New Process Needed to Prevent Tire Rotation under Heavy Braking
Don't worry, no journalists had their feelings hurt while creating the 2014 Chevy Camaro Z/28. Instead, the media being blasted here is a gritty substance that's sprayed on the Z/28's massive wheels—19 inches up front, 20 at the rear—to help stop its tires from slipping along the metal of the wheels proper. It's not the kind of thing that most folks have to worry about on a typical production car, but the 2014 Chevy Camaro Z/28, on the other hand … well, you know.
As pointed out by Mark Steilow, Chevrolet program manager and pro-touring expert: “We were told to build a fast car—period. We knew on Day One we’d need to bring some of the best suppliers onboard to make it happen.”
A case in point: With a 7.0-liter V8 engine that makes 505 hp and 481 lb.-ft. of torque, and is complemented by Brembo brakes with carbon-ceramic rotors, the new Z/28 can get going so fast that when the driver stood on the stoppers during testing, the car's tires continued to rotate along the wheel—sometimes by more than 360 degrees in a single lap. On racecars with a similar problem, engineers often can add an abrasive paint along the edge of the wheel to give the tires a little something extra to grip. But even that didn't work with the 2014 Chevy Camaro Z/28, and Steilow went on to state: "Media-blasting the wheel created an extremely aggressive grit on the rim, which finally got the tire to hold."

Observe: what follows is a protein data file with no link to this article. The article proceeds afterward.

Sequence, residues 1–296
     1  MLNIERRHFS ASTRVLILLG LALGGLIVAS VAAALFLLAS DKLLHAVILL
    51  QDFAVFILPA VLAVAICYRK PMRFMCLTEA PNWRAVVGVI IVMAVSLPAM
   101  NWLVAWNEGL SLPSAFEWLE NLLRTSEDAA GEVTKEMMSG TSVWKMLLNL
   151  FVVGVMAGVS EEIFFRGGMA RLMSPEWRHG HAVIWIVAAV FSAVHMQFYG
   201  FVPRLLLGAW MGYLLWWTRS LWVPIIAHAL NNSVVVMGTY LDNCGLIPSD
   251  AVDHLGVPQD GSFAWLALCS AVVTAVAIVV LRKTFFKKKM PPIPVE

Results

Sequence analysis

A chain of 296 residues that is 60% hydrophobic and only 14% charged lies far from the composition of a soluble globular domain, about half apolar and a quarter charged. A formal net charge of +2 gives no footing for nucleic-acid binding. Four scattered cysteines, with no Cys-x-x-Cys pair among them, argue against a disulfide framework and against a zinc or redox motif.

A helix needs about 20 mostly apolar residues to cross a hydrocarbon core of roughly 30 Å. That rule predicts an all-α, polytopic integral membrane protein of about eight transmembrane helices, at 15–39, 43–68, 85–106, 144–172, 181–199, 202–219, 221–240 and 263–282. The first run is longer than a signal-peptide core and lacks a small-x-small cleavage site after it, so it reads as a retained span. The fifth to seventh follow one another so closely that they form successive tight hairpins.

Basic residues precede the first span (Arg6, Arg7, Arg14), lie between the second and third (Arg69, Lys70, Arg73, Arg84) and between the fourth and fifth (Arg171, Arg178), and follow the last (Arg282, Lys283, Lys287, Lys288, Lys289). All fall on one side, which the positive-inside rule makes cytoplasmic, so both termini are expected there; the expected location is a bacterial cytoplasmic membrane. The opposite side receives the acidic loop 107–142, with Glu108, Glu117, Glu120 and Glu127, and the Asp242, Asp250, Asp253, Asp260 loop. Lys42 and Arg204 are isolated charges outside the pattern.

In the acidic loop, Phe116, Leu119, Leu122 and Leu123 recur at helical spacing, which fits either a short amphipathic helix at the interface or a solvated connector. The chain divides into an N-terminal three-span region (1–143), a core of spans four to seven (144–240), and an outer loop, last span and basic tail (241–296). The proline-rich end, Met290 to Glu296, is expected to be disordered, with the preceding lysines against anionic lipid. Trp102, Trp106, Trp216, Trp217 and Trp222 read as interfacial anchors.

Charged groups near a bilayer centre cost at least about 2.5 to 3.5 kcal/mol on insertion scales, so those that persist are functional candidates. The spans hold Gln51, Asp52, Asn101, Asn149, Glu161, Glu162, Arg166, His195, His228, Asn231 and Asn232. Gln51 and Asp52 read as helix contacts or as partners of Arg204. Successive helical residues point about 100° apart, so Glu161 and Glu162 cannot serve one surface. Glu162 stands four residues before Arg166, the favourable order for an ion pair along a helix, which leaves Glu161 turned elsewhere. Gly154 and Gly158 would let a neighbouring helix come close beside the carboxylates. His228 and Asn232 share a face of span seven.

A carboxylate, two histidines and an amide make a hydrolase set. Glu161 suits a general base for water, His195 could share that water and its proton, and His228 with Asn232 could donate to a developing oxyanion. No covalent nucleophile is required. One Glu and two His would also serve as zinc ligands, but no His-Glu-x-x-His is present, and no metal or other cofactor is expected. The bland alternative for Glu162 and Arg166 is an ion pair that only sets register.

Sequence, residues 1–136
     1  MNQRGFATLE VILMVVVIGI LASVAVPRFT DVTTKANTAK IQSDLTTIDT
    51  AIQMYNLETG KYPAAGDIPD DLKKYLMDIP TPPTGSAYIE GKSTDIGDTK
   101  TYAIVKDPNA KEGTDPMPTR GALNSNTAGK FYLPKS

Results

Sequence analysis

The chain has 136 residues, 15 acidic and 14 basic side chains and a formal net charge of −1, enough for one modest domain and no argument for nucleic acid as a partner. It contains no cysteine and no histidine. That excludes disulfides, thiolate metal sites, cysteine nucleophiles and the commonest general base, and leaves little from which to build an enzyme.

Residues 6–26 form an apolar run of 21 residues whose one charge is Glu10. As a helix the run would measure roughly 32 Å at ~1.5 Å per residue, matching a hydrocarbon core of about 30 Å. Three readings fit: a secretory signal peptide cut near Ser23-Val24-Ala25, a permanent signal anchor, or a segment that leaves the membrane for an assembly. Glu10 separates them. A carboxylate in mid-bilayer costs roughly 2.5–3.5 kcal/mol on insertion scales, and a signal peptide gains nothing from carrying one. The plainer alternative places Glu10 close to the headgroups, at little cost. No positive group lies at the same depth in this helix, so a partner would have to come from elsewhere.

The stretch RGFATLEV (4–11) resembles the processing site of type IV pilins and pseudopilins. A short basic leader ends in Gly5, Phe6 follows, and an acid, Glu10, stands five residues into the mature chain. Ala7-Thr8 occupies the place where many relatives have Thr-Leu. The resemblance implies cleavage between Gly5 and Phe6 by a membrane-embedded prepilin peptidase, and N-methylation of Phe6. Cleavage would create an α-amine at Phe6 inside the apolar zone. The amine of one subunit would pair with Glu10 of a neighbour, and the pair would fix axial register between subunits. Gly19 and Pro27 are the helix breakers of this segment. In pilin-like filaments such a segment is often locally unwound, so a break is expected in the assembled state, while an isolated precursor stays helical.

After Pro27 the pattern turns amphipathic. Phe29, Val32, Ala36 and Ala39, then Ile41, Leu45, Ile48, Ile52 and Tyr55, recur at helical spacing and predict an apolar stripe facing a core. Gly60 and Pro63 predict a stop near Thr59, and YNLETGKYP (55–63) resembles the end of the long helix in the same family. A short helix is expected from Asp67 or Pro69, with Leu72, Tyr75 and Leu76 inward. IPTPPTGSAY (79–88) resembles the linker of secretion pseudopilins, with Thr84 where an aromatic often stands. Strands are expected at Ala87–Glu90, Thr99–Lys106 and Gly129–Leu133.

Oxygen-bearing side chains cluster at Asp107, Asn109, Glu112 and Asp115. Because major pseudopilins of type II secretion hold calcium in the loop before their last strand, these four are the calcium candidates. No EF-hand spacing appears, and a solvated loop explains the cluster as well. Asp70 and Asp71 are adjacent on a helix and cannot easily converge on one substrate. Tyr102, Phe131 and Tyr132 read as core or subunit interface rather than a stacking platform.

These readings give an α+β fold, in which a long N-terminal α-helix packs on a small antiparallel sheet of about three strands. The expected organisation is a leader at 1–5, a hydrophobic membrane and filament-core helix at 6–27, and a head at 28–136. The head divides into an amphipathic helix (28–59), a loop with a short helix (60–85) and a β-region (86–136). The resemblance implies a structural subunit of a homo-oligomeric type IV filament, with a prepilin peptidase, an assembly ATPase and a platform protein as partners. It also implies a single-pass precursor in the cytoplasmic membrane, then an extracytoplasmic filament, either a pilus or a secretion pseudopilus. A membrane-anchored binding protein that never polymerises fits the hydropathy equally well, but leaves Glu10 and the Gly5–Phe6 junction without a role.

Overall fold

And speaking of tires, the 2014 Chevy Camaro Z/28 relies on Pirelli P Zero Trofeo R rubber, boasting a track-friendly tread design and competition-oriented compound that can enable up to 1.5 g of lateral acceleration.
Added Mark Reuss, president of GM North America: “The Camaro Z/28 is an uncompromising performer that’s bred for the track—and every one of its unique components supports the goal of faster lap times. It takes the Z/28 back to its racing roots and adds to the strong lineup of Chevrolet performance cars.”